'Go Red, Get Fit'
Show your heart some love with a healthy lifestyle change.
Article Author: Wesley Roberts
Cardiovascular diseases claim the lives of 1 in 3 women, yet 80% of these cases may have been prevented through education and healthy lifestyle changes.
Lowering your risk of cardiovascular disease can feel overwhelming. In reality, making only one lifestyle change can make a big difference and the goal can be customized to fit your lifestyle.
Here are 9 examples of lifestyle changes that can help you achieve your goal of lowering your risk of cardiovascular disease:
- Know your numbers. You can’t manage what you don’t measure. Knowing your risk of cardiovascular disease starts with knowing your numbers: blood pressure, cholesterol, blood sugar and BMI are a couple of them. To have a free 30-minute health assessment, take the Know Your Numbers challenge.
- Get active. Set a goal of 150 minutes of moderate-intensity, or 75 minutes of vigorous-intensity, activity every week.
- Lose weight if you need to. When you shed extra fat and unnecessary pounds, you reduce the burden on your heart, lungs, blood vessels and musculoskeletal system.
- Live smoke free. Cigarette smokers and other tobacco users have a higher risk of developing cardiovascular disease than non-smokers. If you smoke, quitting is the best thing you can do for your health.
- Break up with salt. Extra sodium in your diet can cause your blood pressure to rise, increasing your cardiovascular disease risk.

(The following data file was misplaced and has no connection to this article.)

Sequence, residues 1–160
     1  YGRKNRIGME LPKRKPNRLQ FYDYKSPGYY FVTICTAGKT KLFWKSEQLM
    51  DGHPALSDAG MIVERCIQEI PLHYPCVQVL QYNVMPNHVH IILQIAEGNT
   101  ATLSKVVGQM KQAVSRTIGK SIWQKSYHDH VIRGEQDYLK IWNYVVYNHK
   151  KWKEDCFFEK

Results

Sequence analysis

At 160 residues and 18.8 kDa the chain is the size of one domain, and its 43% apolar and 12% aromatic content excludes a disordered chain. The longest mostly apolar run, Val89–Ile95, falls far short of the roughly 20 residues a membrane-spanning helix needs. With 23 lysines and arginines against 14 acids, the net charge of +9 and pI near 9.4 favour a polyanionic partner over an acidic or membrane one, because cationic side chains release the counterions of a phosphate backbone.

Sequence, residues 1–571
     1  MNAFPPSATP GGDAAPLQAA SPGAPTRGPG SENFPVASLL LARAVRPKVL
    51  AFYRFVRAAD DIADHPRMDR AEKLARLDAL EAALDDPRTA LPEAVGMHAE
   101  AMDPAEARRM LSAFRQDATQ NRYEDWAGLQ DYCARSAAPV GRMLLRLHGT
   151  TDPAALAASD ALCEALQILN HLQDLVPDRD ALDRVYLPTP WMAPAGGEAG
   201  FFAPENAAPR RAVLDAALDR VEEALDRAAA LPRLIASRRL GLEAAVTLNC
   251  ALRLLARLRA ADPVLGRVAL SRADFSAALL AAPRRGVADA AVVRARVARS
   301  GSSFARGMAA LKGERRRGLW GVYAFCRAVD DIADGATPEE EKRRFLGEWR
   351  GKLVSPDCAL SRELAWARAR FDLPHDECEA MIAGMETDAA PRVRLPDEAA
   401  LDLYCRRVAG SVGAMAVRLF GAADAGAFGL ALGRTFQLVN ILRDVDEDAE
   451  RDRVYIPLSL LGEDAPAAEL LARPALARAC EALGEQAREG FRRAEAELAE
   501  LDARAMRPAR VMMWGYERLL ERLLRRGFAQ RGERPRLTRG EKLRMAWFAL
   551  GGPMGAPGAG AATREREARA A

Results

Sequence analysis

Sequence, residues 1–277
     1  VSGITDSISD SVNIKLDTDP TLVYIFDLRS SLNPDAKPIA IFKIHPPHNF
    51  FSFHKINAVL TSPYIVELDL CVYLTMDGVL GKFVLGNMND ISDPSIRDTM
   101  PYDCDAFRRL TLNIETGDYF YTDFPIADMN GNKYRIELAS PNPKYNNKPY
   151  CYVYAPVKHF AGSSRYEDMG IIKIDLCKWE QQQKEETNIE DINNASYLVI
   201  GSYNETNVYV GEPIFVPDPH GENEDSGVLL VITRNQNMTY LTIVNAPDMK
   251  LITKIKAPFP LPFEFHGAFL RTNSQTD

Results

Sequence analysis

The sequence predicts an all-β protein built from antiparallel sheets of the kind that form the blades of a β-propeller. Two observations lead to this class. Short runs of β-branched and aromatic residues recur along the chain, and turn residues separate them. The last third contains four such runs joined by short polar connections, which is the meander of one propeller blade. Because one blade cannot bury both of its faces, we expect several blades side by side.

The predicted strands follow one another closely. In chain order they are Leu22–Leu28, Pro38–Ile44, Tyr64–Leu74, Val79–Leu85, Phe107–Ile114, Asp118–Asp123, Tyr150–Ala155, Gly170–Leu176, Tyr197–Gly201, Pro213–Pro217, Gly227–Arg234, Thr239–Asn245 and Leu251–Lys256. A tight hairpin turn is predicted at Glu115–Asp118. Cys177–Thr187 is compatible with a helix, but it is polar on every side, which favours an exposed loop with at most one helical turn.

- Stay hydrated. Keeping your body hydrated helps your heart more easily pump blood through the blood vessels to the muscles. Sally-Ann Pantin, MD, a family physician at Baptist Primary Care, gives quick tips to boost your hydration, consistently.
- Eat better. A healthy diet is one of your best weapons for fighting cardiovascular disease. When you eat a heart-healthy diet, you feel better and can improve your chances of staying healthy - for life! Looking for heart-healthy recipes? We’ve got your hunger covered!
- Manage your stress. Your mind deserves better than to be loaded down with the never-ending job of worrying. Long-term activation of your body’s stress response system can lead to many health troubles, including cardiovascular disease. We all need a self-care day to recharge.
- Sleep your way to whole-body health. Studies have found that most people need 6 to 8 hours of sleep each day and that too little or too much can increase the risk of cardiovascular problems.
Ready to take the “Go Red, Get Fit Challenge”? Join the American Heart Association and Baptist Health to keep healthy!
"Go Red, Get Fit Jax" is about empowering the greater Jacksonville area to prioritize their health. This fun, interactive challenge will help people from all walks of life to get started with one healthy lifestyle change to help lower their risk of cardiovascular disease,” said Nicole B. Thomas, FACHE, hospital president of Baptist Medical Center South and 2020 Go Red for Women Chair.
Join the challenge: www.heart.org/goredgetfitjax